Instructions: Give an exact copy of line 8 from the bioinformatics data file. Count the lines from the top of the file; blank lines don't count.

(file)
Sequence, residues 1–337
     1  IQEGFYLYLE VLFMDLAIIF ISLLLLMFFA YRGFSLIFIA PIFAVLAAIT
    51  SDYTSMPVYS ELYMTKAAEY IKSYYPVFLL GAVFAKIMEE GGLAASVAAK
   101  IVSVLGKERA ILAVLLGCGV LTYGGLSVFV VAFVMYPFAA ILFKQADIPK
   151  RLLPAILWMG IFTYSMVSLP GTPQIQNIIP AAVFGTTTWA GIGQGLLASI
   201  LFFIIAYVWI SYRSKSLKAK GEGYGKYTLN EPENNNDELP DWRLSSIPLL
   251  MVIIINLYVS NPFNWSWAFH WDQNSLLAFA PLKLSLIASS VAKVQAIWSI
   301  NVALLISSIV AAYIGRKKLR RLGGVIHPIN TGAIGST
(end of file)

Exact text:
   301  NVALLISSIV AAYIGRKKLR RLGGVIHPIN TGAIGST